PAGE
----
To Timkins et al, this is not about welfare, either now, or in the future. A future retiree's income, whether as a government handouts, or superannuation, is only worth as much as it can buy. If you want medical care, your house painting, your car reparing, or whatever, then you have to pay people who haven't retired to do the work. Those people will be today's children. If there are not enough of them, then the price will go up accordingly.

The essential premise of my article is that society needs more children for its future economic health. If you disagree with that, then the rest of the article is irrelevant.

If more children are required, then we have to determine what steps might be taken to bring that about. The usual strategies are potentially available: threats, promises, persuasion, and inducements.

Of these, threats don't form part of our society, even if credible examples could be thought of. Promises (by politicians) would be laughed at. Persuasion will likely fall on deaf ears. This leaves inducements.

If there are men who would otherwise be willing to have children, but are being scared off by the risks, and it seems clear enough that there are, then the obvious inducement is a reduction of risk.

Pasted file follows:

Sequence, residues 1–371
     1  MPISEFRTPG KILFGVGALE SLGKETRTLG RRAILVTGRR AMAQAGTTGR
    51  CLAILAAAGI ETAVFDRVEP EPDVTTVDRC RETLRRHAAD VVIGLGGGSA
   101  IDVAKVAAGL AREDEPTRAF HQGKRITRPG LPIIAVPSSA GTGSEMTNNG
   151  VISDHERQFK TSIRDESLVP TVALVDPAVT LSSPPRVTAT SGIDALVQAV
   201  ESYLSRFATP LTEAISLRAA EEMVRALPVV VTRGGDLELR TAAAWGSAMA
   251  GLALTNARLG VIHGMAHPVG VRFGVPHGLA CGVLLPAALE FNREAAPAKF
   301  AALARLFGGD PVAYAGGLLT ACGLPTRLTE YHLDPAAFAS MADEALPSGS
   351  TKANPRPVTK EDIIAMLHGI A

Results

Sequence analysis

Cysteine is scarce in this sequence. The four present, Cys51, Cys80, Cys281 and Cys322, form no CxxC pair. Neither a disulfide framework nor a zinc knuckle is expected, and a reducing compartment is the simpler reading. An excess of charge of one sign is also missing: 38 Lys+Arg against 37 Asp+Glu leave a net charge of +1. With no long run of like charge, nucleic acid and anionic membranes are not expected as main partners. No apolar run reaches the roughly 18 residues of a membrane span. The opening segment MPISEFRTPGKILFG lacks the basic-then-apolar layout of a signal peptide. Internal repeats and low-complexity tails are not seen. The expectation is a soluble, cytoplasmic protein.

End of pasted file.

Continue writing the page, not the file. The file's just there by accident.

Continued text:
There's no point in arguing that people should be prepared to have children without extra money provided by society. This is a value judgement, but even if it were objectively true, it wouldn't change my conclusion in the slightest.

Posted by Sylvia Else, Thursday, 19 May 2005 5:55:10 PM
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Hi Sylvia,
I’m not certain whether society needs more and more children, as eventually it will run out of resources. What society does need is a sustainable way of life, and eventually society has to decide what relationships are best for a sustainable existence.

From my personal research, it leads me to believe that long term marriage is the best option for such a sustainable way of life. De facto relationships are often short lived, often lead to welfare, and are not very satisfactory for children.

So “inducements” for long term marriage would be a place to start, and I have thought of what would happen if there were tax incentives for couples to stay married for the longer term (Eg the longer a couple is married, the less tax they pay). If someone does the sums, I think such a system would prove very economic for society.

However the system we presently have does not induce many men to be fathers I believe. There are many barriers and few rewards. In the future I think that there will be many barriers for women to become mothers also, particularly if they are required to work from shortly after the child is born.

For the children, they will not have much of a life if they spend so much time being raised by the state, and hardly knowing their parents. In the past many children have hardly known their fathers, (normally through separation), but this can become the case for their mothers also.
Posted by Timkins, Thursday, 19 May 2005 6:39:56 PM